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  • Carl Z.
    Haggard skips, but album goes ahead August 11, 2006 BY DAVE HOEKSTRA Staff Reporter NASHVILLE, Tenn.
    Message 1 of 1 , Aug 11, 2006
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      Haggard skips, but album goes ahead

      August 11, 2006

      BY DAVE HOEKSTRA Staff Reporter

      NASHVILLE, Tenn. -- Many years ago country legend George Jones was so
      famous for missing gigs, he became known as "No Show Jones." Now he
      needs to show Merle Haggard how to punch the clock.

      Haggard postponed a historic concert Wednesday night with Jones
      outside Nashville that was being taped for Country Music Television's
      "Cross Country" series. Haggard left town citing "unforeseen
      scheduling conflicts in California," according to a CMT spokeswoman.

      Two days earlier, Haggard had arrived in Nashville to begin working
      with Jones on the album "Kicking Out the Footlights ... Again," due
      Oct. 24 on Bandit Records. On the disc, the icons swap vocals and
      harmonies on their biggest hits. Some songs were cut on Monday before
      Haggard split.

      On Wednesday, Haggard had been scheduled to sing Jones classics like
      "The Race Is On" and "The Window Up Above," while Jones was going to
      tackle Haggard's "Think I'll Stay Here and Drink" and "You Take Me for
      Granted." They were going to duet on Haggard's "Footlights."

      This is not the first time Haggard and Jones have worked together.
      They collaborated on "A Taste of Yesterday's Wine" (1982), which
      featured "Must've Been Drunk" and "No Show Jones."

      "George and I were a lot wilder and a lot younger back then," Haggard
      said in a phone interview a few weeks ago. "We're probably more
      dependable and predictable now. I don't know if that's good. We'll
      find out. George is straight, and he's been lying at the foot of the
      cross for a long time. He's a joy to be around."

      Haggard was in Nashville long enough in June to record an all-star
      trio disc with Willie Nelson and Ray Price under the helm of legendary
      producer Fred Foster, founder of Monument Records.

      "Those were spectacular sessions," Haggard said. "Don Helms [steel
      guitarist for Hank Williams] showed up from the past. Willie, Ray and
      I got in the same booth together. We started with Harlan Howard's
      "Pick Me Up on Your Way Down." Ray brought a good song to the session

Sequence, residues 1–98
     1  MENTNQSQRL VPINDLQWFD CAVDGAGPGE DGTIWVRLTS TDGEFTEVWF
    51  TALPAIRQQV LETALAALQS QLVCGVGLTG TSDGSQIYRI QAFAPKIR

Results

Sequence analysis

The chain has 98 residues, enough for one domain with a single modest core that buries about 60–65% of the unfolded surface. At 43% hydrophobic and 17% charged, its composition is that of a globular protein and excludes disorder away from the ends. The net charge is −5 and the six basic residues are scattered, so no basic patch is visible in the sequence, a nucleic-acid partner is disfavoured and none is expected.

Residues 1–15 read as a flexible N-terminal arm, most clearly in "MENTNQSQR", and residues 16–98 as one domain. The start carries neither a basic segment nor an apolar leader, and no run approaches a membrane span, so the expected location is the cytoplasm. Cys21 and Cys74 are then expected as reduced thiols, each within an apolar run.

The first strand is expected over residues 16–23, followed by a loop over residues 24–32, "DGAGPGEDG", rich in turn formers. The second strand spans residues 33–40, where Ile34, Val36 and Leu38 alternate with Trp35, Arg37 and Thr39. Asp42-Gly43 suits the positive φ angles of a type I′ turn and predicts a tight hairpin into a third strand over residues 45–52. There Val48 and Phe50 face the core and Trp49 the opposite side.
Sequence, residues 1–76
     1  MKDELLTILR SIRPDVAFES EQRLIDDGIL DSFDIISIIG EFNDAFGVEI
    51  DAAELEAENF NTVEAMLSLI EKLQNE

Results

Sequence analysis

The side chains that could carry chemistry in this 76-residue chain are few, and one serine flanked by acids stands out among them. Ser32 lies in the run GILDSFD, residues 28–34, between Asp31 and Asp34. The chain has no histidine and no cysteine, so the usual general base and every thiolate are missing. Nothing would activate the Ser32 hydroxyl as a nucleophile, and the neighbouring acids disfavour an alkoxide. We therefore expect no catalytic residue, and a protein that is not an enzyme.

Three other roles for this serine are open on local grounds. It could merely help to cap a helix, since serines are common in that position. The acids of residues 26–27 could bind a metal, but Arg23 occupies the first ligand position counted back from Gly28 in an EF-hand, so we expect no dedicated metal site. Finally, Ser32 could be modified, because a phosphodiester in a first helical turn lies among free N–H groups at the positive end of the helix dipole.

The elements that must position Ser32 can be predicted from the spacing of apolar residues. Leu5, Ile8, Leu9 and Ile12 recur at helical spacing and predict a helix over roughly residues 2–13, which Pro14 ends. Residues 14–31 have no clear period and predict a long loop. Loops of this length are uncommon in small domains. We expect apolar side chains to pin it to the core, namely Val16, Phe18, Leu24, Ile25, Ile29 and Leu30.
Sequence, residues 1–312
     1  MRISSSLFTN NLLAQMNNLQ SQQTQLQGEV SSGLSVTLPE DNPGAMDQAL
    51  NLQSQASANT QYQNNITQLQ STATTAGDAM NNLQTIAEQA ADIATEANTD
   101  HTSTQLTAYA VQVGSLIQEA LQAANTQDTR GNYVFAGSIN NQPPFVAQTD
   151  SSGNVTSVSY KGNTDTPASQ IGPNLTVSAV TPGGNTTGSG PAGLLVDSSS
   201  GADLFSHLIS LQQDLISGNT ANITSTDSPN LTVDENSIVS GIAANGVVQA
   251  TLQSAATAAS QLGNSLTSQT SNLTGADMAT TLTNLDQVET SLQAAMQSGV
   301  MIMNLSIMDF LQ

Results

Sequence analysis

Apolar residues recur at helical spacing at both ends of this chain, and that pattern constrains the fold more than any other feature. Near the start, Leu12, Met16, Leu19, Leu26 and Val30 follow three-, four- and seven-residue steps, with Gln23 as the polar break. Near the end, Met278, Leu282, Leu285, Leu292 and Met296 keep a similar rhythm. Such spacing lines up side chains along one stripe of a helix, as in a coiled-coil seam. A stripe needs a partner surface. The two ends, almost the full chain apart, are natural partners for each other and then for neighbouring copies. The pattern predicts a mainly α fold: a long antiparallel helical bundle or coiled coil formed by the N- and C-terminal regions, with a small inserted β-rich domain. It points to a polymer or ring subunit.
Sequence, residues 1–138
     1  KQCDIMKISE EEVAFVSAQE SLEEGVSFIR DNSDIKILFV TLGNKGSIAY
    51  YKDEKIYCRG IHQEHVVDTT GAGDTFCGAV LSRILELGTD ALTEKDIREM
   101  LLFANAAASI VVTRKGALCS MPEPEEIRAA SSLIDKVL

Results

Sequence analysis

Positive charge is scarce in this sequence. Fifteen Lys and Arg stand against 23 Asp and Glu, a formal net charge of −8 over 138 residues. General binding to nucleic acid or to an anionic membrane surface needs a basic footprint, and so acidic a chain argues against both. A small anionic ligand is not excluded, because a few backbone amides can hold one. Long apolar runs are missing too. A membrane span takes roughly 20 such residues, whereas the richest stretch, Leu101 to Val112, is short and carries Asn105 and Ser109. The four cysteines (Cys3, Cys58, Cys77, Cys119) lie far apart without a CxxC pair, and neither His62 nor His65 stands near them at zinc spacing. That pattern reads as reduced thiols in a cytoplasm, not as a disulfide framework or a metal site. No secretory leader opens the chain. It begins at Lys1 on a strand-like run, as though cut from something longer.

called 'It's One Hell of a Ride.' I brought a couple of new songs and
      Willie had a couple of new ones. We did some Jesse Ashlock songs. And
      a Mickey Newbury tune."

      Haggard reported he has three solo albums in the can. "I have a swing
      album, a new album of original songs and I'm working with Vince Gill
      on a tribute to Buck Owens and [Owens' longtime guitarist] Don Rich."

      It has been a rough year for Haggard. Besides the death of Owens, his
      Bakersfield, Calif., compatriot, he also lost his ex-wife Bonnie Owens
      (once married to Buck) and his first wife, Billie Leona (Hobbs Haggard
      Witherspoon). "She's the mother of my first four children," he said.
      "I had talked a lot to Buck on the phone. He wanted to do a record
      together, and we were in the process of working that out."

      But Haggard still has good vibes from his spring 2005-2006 tours with
      Bob Dylan. "It was exciting in that there was going to be people there
      who maybe were against me for 'Okie From Muskogee,' and they would
      leave a Merle Haggard fan. It was a good opportunity, and I'm proud of
      it.

      "Bob's not much on shooting the ----. In the two years I toured with
      him, I think I spent 45 minutes talking to him. We didn't talk about
      music much. I told him I wished he'd get out from behind that piano
      and play guitar. He said, 'I can't see my lyrics.' He asked me what I
      thought about North Korea. He's a neat guy to talk to, and he has a
      dry sense of humor. I liked working with him, but he wouldn't pay me
      enough. They couldn't afford to pay any more, and we couldn't afford
      to work that cheap."
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